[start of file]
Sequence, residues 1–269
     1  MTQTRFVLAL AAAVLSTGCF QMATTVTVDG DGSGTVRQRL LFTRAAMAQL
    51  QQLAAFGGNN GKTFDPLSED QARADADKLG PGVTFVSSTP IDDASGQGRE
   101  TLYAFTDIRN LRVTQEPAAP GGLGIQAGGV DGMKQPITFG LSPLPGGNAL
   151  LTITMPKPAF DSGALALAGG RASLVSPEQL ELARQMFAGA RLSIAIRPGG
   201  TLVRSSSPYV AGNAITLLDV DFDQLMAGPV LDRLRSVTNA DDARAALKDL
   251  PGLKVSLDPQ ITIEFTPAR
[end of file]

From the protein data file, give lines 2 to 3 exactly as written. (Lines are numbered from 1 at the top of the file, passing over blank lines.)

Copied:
     1  MTQTRFVLAL AAAVLSTGCF QMATTVTVDG DGSGTVRQRL LFTRAAMAQL
    51  QQLAAFGGNN GKTFDPLSED QARADADKLG PGVTFVSSTP IDDASGQGRE